I use ne, the nice editor. It's like nano in its "just type and it works" but like a GUI with visual menus at the top (when you press F1). Nice and fast, works well through ssh, configurable keybinding, easy macros, fairly standard keyboard shortcuts, the list goes on.

    2 votes
  13. Comment on Tallinn and Helsinki to harmonize their public transport networks – working towards the creation of a common ticketing system for both cities' buses in ~news

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    I wonder if the system will involve the Estonian e-ID system. It's world-class and too rare. If Finland adopted the same digital infrastructure, that'd be awesome.

    I wonder if the system will involve the Estonian e-ID system. It's world-class and too rare. If Finland adopted the same digital infrastructure, that'd be awesome.

    3 votes
  14. Comment on Fortnightly Programming Q&A Thread - 2019W40 in ~comp

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    Interesting! Thanks for the reply. I suppose because the sizes of uint8_t and uint16_t are implementation-specific? There might also be padding in the struct of uint8s that would prevent it from...

    Interesting! Thanks for the reply. I suppose because the sizes of uint8_t and uint16_t are implementation-specific? There might also be padding in the struct of uint8s that would prevent it from lining up.

    As for the issue of having a union defined differently in the header and implementation, why not just throw a compiler error if they're different sizes? I don't see how it would be any worse than having a function signature in the header that doesn't match.

    Anyway, I guess I'll go back to bit shifts! Why use functions instead of macros, though? The inline keyword can be ignored by the compiler, so macros are the only way to prevent unnecessary stack usage.

    2 votes
  15. Comment on Fortnightly Programming Q&A Thread - 2019W40 in ~comp

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    The data type is supposed to be an opaque handle; if it was modified, it'd be like changing a returned pointer. Therefore, I don't want any public interfaces to modify it or even describe its...

    The data type is supposed to be an opaque handle; if it was modified, it'd be like changing a returned pointer. Therefore, I don't want any public interfaces to modify it or even describe its internal structure.

    1 vote
  16. Comment on Fortnightly Programming Q&A Thread - 2019W40 in ~comp

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    I have a C question that I had trouble looking up. Is there a way to define a union in a header, then in the implementation redefine it with more members (as long as the public and private unions...

    I have a C question that I had trouble looking up. Is there a way to define a union in a header, then in the implementation redefine it with more members (as long as the public and private unions have the same size)?

    I want to publicly present a uint16, but privately be able to refer to the upper and lower uint8. Right now I just define the private union separately and cast between them, but that feels bad.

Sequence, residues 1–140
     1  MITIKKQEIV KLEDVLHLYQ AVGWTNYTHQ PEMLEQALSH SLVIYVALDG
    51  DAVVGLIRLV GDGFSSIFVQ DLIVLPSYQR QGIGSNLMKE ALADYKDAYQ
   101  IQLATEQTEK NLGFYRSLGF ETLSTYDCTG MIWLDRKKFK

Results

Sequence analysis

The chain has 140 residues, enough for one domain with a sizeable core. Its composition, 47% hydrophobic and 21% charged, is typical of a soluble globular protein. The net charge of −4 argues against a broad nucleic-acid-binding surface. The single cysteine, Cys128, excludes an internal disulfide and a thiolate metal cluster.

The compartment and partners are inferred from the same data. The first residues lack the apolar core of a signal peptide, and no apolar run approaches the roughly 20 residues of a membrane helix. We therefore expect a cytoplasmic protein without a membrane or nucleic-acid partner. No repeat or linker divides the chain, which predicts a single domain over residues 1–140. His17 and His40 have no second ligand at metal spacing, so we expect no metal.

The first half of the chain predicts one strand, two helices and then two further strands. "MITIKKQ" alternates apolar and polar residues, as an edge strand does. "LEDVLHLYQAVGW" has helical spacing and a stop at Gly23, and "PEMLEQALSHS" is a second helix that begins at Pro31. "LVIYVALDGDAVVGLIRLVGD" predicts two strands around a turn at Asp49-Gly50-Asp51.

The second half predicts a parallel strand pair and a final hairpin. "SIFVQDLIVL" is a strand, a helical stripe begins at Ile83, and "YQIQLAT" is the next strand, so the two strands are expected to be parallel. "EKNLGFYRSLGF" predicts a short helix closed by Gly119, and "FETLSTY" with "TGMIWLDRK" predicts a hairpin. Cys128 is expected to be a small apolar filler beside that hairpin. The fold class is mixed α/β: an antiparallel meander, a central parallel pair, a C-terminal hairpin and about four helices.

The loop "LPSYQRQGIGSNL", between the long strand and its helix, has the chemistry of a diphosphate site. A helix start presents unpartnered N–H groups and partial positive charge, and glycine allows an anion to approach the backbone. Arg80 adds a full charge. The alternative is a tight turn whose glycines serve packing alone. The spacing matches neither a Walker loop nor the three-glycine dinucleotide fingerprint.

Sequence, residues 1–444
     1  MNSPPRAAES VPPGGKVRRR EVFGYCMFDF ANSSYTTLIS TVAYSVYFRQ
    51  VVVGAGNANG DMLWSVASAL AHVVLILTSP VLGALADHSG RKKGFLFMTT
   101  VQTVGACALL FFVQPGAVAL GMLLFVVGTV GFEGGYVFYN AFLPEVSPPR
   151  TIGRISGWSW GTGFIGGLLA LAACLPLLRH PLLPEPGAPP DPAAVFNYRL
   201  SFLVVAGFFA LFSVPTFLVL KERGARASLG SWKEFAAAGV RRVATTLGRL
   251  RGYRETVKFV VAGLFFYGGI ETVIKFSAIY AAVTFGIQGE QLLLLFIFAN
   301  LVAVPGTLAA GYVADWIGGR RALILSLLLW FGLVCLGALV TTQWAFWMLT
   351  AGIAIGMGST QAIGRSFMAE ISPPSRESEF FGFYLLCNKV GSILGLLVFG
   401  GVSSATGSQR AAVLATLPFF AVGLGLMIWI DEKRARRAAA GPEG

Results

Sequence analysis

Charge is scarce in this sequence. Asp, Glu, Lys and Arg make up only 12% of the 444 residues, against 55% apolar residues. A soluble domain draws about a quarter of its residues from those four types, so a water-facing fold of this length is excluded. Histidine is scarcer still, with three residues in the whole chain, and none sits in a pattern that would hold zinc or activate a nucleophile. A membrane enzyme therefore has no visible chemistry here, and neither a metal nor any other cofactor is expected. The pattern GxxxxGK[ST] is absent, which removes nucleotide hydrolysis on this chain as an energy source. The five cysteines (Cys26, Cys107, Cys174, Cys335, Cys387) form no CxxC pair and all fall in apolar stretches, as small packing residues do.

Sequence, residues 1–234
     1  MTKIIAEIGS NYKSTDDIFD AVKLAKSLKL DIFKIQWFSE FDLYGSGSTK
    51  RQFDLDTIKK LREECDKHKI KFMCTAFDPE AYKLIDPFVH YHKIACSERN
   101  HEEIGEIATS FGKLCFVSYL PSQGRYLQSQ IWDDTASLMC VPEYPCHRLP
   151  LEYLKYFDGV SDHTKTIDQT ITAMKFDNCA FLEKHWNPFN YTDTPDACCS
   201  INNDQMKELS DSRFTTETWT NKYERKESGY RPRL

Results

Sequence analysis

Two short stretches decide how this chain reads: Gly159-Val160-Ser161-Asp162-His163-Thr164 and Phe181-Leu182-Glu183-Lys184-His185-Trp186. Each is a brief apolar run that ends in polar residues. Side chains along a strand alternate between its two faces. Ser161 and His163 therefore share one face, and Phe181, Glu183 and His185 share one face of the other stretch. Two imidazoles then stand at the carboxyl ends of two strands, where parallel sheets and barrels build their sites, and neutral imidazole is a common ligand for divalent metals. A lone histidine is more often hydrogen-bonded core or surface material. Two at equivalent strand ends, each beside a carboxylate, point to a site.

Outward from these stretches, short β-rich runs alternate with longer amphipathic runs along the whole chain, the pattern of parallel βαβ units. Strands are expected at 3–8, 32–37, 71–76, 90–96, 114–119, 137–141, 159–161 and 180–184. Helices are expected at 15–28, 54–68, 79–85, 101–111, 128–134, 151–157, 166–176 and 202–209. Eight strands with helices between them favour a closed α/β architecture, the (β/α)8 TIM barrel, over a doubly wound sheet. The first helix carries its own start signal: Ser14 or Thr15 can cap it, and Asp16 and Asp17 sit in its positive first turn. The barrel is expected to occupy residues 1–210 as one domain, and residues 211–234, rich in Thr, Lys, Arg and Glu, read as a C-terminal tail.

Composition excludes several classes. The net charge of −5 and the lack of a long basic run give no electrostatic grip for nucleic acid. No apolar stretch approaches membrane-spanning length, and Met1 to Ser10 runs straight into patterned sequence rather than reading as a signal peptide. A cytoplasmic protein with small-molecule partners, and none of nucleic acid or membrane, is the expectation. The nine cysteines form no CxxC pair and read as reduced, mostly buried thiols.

Before using unions, I used macros with bitshifts to set and get the lower and upper portions, but that's even less safe.

    6 votes
  17. Comment on Reinventing Home Directories in ~tech

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    Sounds kinda nice to me... Some people already have their home directory in a separate partition, so making that an encrypted loopback fs sounds like a reasonable step. The only thing that really...

    Sounds kinda nice to me... Some people already have their home directory in a separate partition, so making that an encrypted loopback fs sounds like a reasonable step. The only thing that really changes is the process of creating accounts and logging in, which can be handled by systemd anyway.

    Everything about the "sidecar" databases sounds optional and the most likely to break stuff.

    Edit: to be clear, I'm not a fan of solutions like systemd that ignore the Unix philosophy. It sounds like making your home directory an encrypted loopback fits just fine with modularity and interoperability, though. I'd be happy to see homed flop and be replaced by some small shell script that does the decryption and mounting at login time.

    7 votes
  18. Comment on Pentagon will deploy US forces to the Middle East after Iranian attack on Saudi Arabia oil facilities in ~news

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    Good to see the US protecting what needs to be protected! /s

    Good to see the US protecting what needs to be protected!

    /s

  19. Comment on Why I Write Games in C (yes, C) in ~games.game_design

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    I really like this bit. I use C for my personal projects and this really highlights why.

    As per most higher level languages they have a tendency to hide away complexity in a way that doesn't actually prevent it from biting you.

    I really like this bit. I use C for my personal projects and this really highlights why.

    7 votes
  20. Comment on Bernie Sanders wants to put credit reporting companies like Equifax out of business and replace them with a public credit registry in ~finance

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    Sounds nice. I never (meaningfully) consented to having all my transactions monitored by for-profit institutions. Making it centralized and governmental at least makes it easier to legislate...

    Sounds nice. I never (meaningfully) consented to having all my transactions monitored by for-profit institutions. Making it centralized and governmental at least makes it easier to legislate security requirements. The data's available to the government anyway, so no loss there.

    23 votes